Wondering if today's bounce in the euro is an aberration? This strategist has an answer.
Given the tough talk and scary headlines coming from Germany and Greece, you might think the euro should be in a tailspin. But it has actually moved higher on the day, raising the question of whether it will once again confound euro bears.
Don't get trapped into that thinking, says MacNeil Curry, chief rates and currencies strategist at Bank of America Merrill Lynch.
"It does look like we're seeing a bit of a squeeze to the topside," he told CNBC's Simon Hobbs. "But the larger trend is still to the downside."
Curry thinks the single currency could trade up to around 1.2800 against the dollar, and that's where he would like to sell it. He recommends setting a stop at 1.2870 and looking for a move down to 1.2520, below the low point so far this year.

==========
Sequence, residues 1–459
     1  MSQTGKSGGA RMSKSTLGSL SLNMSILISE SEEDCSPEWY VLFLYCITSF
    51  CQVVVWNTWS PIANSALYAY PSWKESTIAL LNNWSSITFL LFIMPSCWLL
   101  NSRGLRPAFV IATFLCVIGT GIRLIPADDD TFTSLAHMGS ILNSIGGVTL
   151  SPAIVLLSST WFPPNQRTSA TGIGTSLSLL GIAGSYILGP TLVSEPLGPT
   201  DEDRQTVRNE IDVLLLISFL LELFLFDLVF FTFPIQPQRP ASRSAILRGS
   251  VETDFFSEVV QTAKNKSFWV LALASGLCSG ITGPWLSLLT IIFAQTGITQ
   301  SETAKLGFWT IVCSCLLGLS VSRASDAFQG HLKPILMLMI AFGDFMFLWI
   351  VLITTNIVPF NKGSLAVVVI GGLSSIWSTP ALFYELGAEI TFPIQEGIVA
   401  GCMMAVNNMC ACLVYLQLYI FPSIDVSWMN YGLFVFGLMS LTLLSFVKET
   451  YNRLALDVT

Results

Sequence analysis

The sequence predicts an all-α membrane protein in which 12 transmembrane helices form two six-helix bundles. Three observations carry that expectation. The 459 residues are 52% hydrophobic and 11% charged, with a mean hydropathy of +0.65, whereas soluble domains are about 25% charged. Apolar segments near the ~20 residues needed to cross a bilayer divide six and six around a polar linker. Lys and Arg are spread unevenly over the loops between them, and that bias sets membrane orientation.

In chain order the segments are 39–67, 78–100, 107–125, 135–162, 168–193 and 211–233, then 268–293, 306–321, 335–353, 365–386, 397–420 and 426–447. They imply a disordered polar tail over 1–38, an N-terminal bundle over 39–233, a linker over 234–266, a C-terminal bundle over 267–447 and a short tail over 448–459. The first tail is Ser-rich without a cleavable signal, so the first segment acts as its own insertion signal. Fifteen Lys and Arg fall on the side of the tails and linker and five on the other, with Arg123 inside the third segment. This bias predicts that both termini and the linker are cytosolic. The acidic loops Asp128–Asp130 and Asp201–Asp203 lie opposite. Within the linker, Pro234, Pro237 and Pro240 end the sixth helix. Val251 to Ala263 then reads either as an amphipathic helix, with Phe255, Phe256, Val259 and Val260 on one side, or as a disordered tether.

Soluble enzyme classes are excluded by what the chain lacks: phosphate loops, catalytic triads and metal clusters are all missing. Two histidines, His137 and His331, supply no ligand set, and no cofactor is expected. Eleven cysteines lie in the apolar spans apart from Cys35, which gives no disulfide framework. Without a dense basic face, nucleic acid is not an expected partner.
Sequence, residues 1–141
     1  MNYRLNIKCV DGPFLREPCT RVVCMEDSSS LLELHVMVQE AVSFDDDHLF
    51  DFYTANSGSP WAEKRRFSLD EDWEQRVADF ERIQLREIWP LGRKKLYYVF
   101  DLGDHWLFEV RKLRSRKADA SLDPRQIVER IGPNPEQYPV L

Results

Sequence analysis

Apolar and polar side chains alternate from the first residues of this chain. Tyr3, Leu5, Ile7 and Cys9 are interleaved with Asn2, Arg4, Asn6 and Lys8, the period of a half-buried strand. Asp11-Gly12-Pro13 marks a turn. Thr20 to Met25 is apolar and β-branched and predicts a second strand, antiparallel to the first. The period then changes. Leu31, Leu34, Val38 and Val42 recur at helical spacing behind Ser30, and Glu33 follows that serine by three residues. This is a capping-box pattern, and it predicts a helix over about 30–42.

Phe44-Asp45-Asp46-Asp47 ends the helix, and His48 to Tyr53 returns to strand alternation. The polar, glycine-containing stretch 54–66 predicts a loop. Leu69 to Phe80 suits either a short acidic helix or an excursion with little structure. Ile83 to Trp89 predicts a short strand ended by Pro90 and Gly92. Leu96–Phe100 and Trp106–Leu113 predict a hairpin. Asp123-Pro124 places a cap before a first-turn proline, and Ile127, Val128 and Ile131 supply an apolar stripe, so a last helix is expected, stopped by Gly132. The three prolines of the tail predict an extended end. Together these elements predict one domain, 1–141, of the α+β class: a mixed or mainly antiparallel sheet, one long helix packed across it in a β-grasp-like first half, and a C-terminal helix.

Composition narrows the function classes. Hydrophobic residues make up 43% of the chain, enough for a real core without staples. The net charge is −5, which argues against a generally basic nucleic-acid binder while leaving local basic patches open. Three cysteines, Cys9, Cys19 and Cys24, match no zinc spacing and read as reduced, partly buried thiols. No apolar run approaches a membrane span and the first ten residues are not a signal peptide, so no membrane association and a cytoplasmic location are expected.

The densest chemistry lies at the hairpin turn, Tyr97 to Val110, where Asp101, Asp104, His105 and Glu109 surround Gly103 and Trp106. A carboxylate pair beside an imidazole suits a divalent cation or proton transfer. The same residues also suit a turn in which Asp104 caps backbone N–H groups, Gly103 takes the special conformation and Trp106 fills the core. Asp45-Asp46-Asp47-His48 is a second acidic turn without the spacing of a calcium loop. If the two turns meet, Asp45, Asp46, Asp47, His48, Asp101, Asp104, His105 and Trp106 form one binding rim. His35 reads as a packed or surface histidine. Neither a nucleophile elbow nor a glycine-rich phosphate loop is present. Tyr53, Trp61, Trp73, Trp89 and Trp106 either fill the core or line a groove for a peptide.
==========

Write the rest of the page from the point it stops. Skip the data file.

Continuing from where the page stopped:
"The trajectory for European financial markets, whether it's peripheral debt spreads, European stocks and bank stocks, those are still clearly to the downside, and the uncertainty to the euro definitely remains intact," Curry says.
The rapidity of the euro's slide in recent weeks is to be expected, he adds. "We've seen peripheral debt spreads, and a whole host of financial indices, all trade lower for much of the year, while for the first three months of the year, the euro effectively traded sideways," he says. "It's playing a bit of catch-up."
And will the fast pace continue?
"Let's give it a week and half, two weeks" to reach the target price, Curry says.